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For years, I’ve been posting some crazy challenges for a group of friends I used to train with in Los Angeles in order to keep each other motivated. These days, it’s more to fight the tedium that threatens our fitness lifestyle. For more than three decades I’ve worked out at least once a day. Maybe you’re the same way, whether you’re a lifelong gym rat or a fitness newbie.
No matter your dedication, sometimes we all know that no matter where you train, it can get a bit monotonous that’s why I’ve come up with this “Escalator of Death” ab challenge. The routine is necessary — and the grind is part of what we love!
To ward off the boredom, I’ve taken to “testing” myself more and more as I get older — I usually try to come up with some off-the-wall exercises or mini-workouts to do at the end of each week of training. This series will highlight some of these challenges, pointing out which muscle groups are being called into action, and explain their benefits (even if it might be just to impress your friends). As always, my “official” recommendation is don’t jump into this unless you’re experienced in the basics!
But, just in case you’re crazy like me, let’s get to it:
KEY INSTRUCTIONS: With your shoulder blades on the end of a bench, raise hips to point your heels to the ceiling, then lower your feet, with legs straight, trying to keep a slow tempo of 10 seconds or more until you reach full extension, then raise and repeat (if you can!).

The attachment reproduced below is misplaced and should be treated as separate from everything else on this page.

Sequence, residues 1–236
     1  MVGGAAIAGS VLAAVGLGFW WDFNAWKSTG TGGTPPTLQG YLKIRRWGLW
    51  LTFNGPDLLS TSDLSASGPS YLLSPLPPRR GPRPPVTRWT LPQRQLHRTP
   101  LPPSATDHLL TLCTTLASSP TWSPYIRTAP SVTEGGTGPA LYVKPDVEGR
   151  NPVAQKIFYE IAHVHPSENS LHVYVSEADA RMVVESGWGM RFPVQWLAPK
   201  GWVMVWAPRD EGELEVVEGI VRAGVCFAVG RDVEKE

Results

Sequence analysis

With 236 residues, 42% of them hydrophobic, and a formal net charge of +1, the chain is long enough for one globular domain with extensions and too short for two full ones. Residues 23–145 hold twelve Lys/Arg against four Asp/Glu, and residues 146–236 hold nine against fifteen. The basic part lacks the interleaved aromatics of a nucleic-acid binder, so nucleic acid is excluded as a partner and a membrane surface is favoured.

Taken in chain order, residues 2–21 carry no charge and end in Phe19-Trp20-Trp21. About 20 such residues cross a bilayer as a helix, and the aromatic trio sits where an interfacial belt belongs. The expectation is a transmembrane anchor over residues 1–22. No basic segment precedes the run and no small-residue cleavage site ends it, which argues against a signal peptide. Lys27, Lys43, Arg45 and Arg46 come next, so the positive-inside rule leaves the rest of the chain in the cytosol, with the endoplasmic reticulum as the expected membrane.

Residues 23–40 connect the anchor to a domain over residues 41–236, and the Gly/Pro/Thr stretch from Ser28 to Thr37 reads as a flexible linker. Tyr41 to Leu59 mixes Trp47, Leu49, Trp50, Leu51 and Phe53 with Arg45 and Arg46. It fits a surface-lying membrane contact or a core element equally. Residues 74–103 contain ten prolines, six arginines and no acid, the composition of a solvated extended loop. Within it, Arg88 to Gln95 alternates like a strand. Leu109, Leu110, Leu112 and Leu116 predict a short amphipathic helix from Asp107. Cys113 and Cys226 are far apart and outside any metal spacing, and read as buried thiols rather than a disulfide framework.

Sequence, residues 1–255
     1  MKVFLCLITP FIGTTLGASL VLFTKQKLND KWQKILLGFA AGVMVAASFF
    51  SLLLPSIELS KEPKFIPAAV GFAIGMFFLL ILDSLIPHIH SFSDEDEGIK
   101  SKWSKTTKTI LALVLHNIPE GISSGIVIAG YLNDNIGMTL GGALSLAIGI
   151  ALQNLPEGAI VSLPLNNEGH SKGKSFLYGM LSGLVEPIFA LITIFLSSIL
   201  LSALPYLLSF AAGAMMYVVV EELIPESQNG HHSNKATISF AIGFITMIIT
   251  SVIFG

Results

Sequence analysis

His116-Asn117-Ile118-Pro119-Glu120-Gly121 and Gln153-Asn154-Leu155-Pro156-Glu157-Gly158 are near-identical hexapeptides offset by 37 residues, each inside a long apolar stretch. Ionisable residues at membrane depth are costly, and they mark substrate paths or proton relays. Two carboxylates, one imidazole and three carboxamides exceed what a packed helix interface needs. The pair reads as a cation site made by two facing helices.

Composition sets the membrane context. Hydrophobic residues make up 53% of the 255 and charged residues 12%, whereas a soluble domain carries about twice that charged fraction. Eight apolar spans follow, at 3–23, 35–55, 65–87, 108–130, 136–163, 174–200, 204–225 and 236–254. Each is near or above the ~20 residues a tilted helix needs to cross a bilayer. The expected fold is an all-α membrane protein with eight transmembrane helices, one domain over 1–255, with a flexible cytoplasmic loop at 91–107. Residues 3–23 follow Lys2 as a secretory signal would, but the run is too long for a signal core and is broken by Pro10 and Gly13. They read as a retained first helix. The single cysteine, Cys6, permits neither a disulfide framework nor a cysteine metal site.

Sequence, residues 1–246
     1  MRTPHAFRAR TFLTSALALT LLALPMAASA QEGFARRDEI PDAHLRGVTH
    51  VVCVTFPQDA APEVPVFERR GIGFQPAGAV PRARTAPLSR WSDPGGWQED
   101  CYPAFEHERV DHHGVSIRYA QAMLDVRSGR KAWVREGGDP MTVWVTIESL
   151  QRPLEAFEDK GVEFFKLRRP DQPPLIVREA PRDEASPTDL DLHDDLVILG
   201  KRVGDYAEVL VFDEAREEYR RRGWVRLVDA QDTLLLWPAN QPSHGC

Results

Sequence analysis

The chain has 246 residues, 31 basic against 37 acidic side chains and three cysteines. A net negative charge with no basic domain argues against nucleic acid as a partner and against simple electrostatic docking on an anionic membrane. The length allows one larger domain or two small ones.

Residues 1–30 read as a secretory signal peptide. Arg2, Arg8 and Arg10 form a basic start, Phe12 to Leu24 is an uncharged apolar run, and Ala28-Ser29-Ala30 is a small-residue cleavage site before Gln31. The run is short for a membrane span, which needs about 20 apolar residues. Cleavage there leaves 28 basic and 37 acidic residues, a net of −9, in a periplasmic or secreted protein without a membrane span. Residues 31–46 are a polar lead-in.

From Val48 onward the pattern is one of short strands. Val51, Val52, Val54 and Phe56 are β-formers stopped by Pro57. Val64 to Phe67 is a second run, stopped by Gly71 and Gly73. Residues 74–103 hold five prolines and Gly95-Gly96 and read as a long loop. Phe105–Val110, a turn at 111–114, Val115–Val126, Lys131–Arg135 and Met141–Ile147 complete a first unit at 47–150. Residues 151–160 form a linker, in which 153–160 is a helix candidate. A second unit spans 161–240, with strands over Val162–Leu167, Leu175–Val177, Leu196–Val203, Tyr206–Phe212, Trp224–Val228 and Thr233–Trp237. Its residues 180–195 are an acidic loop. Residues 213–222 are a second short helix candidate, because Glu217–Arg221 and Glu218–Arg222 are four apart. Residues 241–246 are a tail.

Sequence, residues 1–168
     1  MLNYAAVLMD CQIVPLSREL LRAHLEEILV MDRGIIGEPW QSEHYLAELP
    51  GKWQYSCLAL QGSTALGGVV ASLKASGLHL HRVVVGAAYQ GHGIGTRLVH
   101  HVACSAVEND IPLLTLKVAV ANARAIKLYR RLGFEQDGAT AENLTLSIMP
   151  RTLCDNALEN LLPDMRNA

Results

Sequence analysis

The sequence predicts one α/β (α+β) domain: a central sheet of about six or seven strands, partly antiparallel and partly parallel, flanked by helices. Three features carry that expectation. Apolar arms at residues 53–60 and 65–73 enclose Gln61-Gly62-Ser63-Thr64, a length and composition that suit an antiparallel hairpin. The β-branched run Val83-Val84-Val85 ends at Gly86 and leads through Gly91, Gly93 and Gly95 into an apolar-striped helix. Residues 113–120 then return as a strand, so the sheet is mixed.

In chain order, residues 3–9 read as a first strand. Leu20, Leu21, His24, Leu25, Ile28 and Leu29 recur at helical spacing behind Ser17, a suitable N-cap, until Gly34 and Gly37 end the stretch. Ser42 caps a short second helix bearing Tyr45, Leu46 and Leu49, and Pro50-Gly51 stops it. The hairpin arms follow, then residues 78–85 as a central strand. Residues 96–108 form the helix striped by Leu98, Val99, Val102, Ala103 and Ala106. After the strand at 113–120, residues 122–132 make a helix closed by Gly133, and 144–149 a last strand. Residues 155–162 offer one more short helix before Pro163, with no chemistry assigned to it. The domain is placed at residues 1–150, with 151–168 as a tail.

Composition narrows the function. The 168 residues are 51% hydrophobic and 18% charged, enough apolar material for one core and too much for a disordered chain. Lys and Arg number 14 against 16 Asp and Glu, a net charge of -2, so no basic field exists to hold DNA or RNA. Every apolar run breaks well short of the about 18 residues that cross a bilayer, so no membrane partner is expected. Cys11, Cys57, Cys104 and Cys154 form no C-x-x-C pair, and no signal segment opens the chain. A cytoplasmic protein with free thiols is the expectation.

WHY TRY THIS? This is a massive test of core strength to attempt at the end of a workout, or as part of your session if you are targeting your core.
WHERE YOU’LL FEEL IT: Primarily the core stabilizers (abdominals, obliques, lower lumbar muscles, latissimus dorsi where it attaches at inferior position). It’s also very taxing on the pulling groups (forearms, biceps, lats, rhomboids, even your hand grip-strength) due to the effort spent gripping the bench and keeping yourself in position.
HOW TO BUILD UP TO THIS: This is an advanced movement! You can build this type of strength with various plank exercises, hanging leg raises, and other core work. The real challenge here comes from how much body weight is hanging off the end of the bench – by placing your shoulder blades on the end, you are doing a lot of work. You can begin by trying this same movement on a mat, with hands by your sides. Once you’re capable of that, then you can attempt it on a bench, with your back and glutes on the bench, lowering only your legs (so you’re forced to move less weight). Soon you’ll be able to attempt the advanced version!
That’s it. Enjoy responsibly and have fun crushing your core! Let me know how it goes: @andywhatsnext